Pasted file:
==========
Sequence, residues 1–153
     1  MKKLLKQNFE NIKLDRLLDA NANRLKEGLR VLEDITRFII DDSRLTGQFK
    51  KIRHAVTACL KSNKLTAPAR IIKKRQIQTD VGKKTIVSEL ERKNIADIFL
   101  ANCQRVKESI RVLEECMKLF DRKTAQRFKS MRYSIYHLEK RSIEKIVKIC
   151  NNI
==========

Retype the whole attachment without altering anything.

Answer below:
Sequence, residues 1–153
     1  MKKLLKQNFE NIKLDRLLDA NANRLKEGLR VLEDITRFII DDSRLTGQFK
    51  KIRHAVTACL KSNKLTAPAR IIKKRQIQTD VGKKTIVSEL ERKNIADIFL
   101  ANCQRVKESI RVLEECMKLF DRKTAQRFKS MRYSIYHLEK RSIEKIVKIC
   151  NNI